According to Ovum's 2014 Employee Mobility Survey, the overall rate of BYOD adoption is up from 56.8 percent in 2013 to 69.2 percent in 2014, a significant increase.
This behaviour is a fact of life for organisations everywhere, "happening whether they like it or not."
Three broad areas paint a clear picture in support of BYOD.
Firstly, there are the benefits to the organisation. Research indicates those organisations who implement BYOD can realise individual employee productivity gains of 37 minutes a day. That doesn't sound like much, but across a workforce, that can really add up.
Then there's the benefit for the employee. More than 60 per cent of employees using a personal device for work and play would prefer to use a single device, while 56 per cent cited a work allocated device as a benefit of the job. This highlights the significant opportunity to implement BYOD for non mobility fleet staff.
Finally, organisations that do not embrace BYOD may do so at their peril. 46.8 percent of employees use their own smartphone for work; around 30 percent of those employees do so directly against a stated corporate policy; and only 27.9 per cent of them have signed a policy governing the use of that device at work.
Let's think about what this means. Employee personal data is intermingled with corporate data. Hackers can access sensitive corporate information. Internal corporate sites can be exposed to malicious malware. Files can be accessed from personal email accounts and apps resulting in data leakage. Lost and misplaced phones create another gateway for malicious attacks on corporate networks.
This last point about the risk is very real. Let me assure you, if you aren't enabling your employees, they will be doing it themselves. Take for example, employees using Whatsapp to send each other sensitive corporate information.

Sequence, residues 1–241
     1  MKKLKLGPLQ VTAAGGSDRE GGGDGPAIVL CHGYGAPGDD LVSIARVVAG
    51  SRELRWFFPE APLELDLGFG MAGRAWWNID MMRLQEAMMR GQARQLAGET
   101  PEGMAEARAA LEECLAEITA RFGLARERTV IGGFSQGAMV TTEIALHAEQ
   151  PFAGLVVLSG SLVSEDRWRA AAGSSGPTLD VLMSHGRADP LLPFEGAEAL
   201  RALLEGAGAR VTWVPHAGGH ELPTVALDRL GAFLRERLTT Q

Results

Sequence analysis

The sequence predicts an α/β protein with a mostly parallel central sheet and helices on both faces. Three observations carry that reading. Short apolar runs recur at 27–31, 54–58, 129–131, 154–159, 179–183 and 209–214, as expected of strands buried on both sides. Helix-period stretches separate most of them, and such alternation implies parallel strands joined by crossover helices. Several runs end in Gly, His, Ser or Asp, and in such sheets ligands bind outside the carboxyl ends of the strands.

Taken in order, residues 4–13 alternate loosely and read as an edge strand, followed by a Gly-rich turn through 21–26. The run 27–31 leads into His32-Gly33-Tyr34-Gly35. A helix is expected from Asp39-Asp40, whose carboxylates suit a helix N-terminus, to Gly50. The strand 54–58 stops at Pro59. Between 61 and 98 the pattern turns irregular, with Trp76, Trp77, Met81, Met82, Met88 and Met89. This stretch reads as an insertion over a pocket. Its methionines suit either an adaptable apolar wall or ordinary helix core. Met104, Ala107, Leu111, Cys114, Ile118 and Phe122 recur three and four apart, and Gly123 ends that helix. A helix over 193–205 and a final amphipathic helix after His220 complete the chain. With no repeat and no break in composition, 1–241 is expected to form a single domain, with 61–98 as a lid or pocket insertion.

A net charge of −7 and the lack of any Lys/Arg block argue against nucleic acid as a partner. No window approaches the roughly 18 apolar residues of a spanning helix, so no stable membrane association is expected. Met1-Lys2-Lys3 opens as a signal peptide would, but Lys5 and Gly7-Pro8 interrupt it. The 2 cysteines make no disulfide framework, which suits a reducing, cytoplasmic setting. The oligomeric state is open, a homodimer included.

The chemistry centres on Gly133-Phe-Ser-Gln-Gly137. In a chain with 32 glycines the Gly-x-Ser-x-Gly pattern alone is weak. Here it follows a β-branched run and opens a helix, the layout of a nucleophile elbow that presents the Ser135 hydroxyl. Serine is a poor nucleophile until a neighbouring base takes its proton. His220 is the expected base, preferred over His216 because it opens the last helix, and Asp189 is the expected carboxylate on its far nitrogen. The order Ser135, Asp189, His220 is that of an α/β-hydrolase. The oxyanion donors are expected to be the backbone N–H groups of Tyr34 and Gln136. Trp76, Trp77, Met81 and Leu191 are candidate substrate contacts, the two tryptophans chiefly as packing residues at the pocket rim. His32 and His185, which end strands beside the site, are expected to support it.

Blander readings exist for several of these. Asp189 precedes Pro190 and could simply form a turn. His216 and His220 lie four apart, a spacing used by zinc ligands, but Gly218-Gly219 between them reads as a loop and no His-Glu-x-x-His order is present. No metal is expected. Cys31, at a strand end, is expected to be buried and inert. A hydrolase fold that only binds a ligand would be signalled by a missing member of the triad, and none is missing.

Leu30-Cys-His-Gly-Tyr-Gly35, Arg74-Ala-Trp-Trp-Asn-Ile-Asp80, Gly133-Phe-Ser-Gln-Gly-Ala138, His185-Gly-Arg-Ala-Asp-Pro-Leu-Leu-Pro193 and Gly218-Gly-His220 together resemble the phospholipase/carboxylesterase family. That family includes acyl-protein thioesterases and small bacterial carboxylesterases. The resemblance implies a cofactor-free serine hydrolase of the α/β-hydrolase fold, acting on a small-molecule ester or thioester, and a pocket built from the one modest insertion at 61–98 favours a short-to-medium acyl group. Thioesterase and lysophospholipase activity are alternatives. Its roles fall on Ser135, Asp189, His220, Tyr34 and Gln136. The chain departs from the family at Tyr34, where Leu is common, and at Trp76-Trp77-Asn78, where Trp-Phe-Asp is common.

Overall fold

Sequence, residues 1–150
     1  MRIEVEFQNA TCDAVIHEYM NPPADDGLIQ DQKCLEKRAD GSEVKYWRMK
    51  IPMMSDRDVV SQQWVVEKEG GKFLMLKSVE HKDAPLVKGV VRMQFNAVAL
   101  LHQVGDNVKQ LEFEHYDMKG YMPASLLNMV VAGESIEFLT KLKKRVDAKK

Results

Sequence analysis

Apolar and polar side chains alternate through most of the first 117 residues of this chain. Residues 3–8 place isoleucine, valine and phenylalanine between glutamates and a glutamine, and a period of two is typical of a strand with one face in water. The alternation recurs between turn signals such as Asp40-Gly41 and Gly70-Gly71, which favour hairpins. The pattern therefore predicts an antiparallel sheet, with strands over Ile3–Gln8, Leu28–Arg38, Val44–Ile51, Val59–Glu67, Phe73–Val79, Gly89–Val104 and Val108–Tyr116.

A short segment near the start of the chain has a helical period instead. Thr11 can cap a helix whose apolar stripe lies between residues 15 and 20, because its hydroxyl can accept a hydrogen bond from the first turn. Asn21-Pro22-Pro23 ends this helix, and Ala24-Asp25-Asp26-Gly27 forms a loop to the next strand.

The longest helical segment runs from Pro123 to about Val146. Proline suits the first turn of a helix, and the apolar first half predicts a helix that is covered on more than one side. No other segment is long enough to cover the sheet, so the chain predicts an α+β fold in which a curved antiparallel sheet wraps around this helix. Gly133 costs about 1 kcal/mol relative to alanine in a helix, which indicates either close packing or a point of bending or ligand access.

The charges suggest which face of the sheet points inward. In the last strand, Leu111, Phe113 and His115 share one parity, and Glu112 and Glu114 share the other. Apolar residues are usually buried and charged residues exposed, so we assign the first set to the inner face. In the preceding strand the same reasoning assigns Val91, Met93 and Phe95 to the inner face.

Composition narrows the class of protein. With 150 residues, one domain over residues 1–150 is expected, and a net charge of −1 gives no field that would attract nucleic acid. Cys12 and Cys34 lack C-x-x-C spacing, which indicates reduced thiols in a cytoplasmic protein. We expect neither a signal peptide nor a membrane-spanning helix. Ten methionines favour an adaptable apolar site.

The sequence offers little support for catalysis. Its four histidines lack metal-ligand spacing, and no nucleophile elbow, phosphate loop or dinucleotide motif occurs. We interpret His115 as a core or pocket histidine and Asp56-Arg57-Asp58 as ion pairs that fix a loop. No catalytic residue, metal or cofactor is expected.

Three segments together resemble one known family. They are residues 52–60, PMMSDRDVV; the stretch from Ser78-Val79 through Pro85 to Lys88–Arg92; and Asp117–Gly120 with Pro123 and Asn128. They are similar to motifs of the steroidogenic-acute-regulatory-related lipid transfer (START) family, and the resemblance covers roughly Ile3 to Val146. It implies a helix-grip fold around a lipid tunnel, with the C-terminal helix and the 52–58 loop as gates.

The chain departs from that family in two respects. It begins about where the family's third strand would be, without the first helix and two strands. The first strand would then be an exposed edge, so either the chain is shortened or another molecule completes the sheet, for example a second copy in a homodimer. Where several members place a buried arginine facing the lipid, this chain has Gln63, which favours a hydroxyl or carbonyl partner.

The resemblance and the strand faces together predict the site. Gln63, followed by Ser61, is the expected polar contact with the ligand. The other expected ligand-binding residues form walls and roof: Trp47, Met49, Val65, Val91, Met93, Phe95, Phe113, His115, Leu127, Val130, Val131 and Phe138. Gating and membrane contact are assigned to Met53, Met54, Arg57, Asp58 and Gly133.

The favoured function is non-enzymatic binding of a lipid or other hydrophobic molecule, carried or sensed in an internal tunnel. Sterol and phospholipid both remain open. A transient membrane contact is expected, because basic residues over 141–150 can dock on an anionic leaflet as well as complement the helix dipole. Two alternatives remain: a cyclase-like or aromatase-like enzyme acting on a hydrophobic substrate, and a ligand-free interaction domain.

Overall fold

So yes, employees will use their personal devices for work and if you don't properly enable them, you will expose your corporate data to risk, and do your employees a disservice.
The question becomes, how do you strike the BYOD balance?
I see corporate liable and BYOD strategies as complementary. If BYOD is implemented to enable your employees to be more flexible and productive, then surely it makes sense to consider the needs of the employee and the business when creating the right mobility policy, for the right people.
At Telstra, we have embarked on the BYOD journey with the same gusto we have embraced flexible working and Future Ways of Working. The introduction of BYOD has secured our data and improved employee productivity and satisfaction.
That said, BYOD isn't for everyone and you don't have to go the whole hog. Telstra continues to provide our customer facing and field employees with a corporate funded device. Corporate liability remains the best option for hyper connected employees - who work from multiple locations with multiple devices and apps and who need to access and share data.
BYOD should clearly form part of an Enterprise Mobility Strategy, but it can be tough. The team at Telstra would be happy to talk to you about our challenges, experiences and learnings. The key is to plan and to take your stakeholders on the journey. A little investment in planning and governance can go a long way to creating positive outcomes for the business, the employee and your customers.
Read more on how to define and implement a corporate mobility strategy that finds balance between the needs of the employees and the security concerns of the business.
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